I have a photo of you and one of the boys from the very first assa nat’l agility show. It is nice to remember them so young and healthy.
    Peace to you

    • budhouston Says:

      That was Bogie’s debut in agility. He got a placement in the Novice class. There was a thunderstorm that first evening I remember. Bogie and I sat with the hotel door open watching the ran pour down and the fury of the lightening and thunder. Later in life he developed a sensitivity to storms. But in those first few years he was fairly fearless.

      Thanks Bernadette (and everyone else) for your kind notes.


  6. Karissa Says:

    So sad…. I’m very sorry for your loss. :o(

  7. Adrienne Says:

    Love you Bud.

  8. Sandy Says:

    So sorry for your loss. My 16 yo agility partner just crossed the bridge with my help and she is waiting for me.

  9. mark & ebby Says:

    Bud – sorry to hear about the loss of your longtime friends. I will always remember Birdie as my ‘loaner dog’, the dog you loaned me for the last 2 days of Camp Dogwood when Ebby’s pads were too blistered to run. They were great dogs.
    Mark & Ebby
    Kim & Toby

  10. Erica Says:

    Death is nothing at all
    I have only slipped away into the next room
    I am I and you are you
    Whatever we were to each other
    That we are still
    Call me by my old familiar name
    Speak to me in the easy way you always used
    Put no difference into your tone
    Wear no forced air of solemnity or sorrow
    Laugh as we always laughed
    At the little jokes we always enjoyed together
    Play, smile, think of me, pray for me
    Let my name be ever the household word that it always was
    Let it be spoken without effort
    Without the ghost of a shadow in it
    Life means all that it ever meant
    It is the same as it ever was
    There is absolute unbroken continuity
    What is death but a negligible accident?
    Why should I be out of mind
    Because I am out of sight?
    I am waiting for you for an interval
    Somewhere very near
    Just around the corner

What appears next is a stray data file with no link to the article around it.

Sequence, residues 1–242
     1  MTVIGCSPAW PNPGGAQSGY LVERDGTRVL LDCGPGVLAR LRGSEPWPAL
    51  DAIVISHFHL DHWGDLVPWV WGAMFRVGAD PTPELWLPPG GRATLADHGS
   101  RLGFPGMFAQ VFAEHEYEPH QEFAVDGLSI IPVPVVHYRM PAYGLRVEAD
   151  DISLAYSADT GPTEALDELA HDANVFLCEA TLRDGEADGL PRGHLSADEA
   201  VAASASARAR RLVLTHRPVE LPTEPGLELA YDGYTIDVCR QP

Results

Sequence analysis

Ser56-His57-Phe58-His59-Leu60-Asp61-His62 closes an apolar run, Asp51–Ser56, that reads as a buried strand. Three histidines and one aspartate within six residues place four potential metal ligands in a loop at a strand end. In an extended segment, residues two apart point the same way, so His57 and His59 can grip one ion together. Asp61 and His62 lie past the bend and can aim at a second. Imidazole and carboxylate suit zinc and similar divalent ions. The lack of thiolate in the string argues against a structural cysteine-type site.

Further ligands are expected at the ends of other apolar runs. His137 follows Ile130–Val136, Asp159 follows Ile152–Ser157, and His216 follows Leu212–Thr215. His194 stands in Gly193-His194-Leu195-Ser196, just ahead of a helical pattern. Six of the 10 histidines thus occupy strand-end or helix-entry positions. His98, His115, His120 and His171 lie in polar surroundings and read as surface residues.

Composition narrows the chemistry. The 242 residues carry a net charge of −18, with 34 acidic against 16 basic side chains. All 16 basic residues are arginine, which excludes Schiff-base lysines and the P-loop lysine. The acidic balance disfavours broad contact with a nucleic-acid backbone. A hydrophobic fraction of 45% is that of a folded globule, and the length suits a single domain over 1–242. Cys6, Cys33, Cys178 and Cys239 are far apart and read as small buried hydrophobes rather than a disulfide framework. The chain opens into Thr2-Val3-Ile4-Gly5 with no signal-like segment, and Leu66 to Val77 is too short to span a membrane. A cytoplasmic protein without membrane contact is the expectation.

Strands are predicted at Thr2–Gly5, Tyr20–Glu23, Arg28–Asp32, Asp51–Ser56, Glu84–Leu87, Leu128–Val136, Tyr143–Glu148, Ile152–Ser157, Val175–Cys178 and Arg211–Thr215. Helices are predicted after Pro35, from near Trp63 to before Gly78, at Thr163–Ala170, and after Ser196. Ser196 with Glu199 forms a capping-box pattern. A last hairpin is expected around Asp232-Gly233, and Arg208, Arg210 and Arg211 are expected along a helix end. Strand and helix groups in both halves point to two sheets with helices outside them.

All is well.
    Nothing is past; nothing is lost
    One brief moment and all will be as it was before?
    How we shall laugh at the trouble of parting when we meet again!

    -Canon Henry Scott-Holland, 1847-1918, Canon of St Paul’s Cathedral

  11. katie Says:

    I’m so very sorry. Bogie and Birdie both were fine fine dogs. It’s such a personal decision as to when to let a dog go, but I believe that they live very much in the moment, and agree with you that it is better to wonder if you helped a dog pass too soon than to let them suffer a moment too long.

  12. Linda Stutz Says:

    Dear Bud-

    I have so many memories of watching you demonstrate handling with Bogie and Birdie. You communicated such love, trust, skill, and joy with them, and it was obvious that they were delighted to partner with you. They lived happy, fulfilled lives working and playing and living with you and Marsha. Even though our Shelties live lives that are far too short from our human point of view, Bogie and Birdie had days, months and years of happiness that I hope you can look back on with love and joy.
    May the soft fur and lively greetings you receive from Kory and Tempest, and their eagerness to explore and enjoy your beautiful Country Dream help you live through these sorrowful days.
    You are in my thoughts and prayers.
    Linda Stutz
    PS Sherman still remembers his longing for a handler with your coordination and skills, rather than the bumbling one he had, though he still loves me……..

  13. Paula Price Says:

    An era has passed.

  14. Judy Casserberg Says:

    Bud, I am running a couple of days behind and just read this. I am so sorry. It seems so strange that I wouldn’t see them again. There is no way that anything that I say can change the way that you are feeling. They had so many friends and admirers, they will be truly missed.

  15. Amanda Says:

    I also just read this. It seems odd that we humans knowingly hitch our wagons to stars that flare brightly but fade too quickly, and yet we would choose to live no other way. Better a bright but ever-evolving sky than no stars at all.

  16. Deb Auer Says:

    “Dog’s lives are too short. Their only fault, really.”
    ~Carlotta Monterey O’Neil.

    You’re in our thoughts.

    Deb, Dave and Erin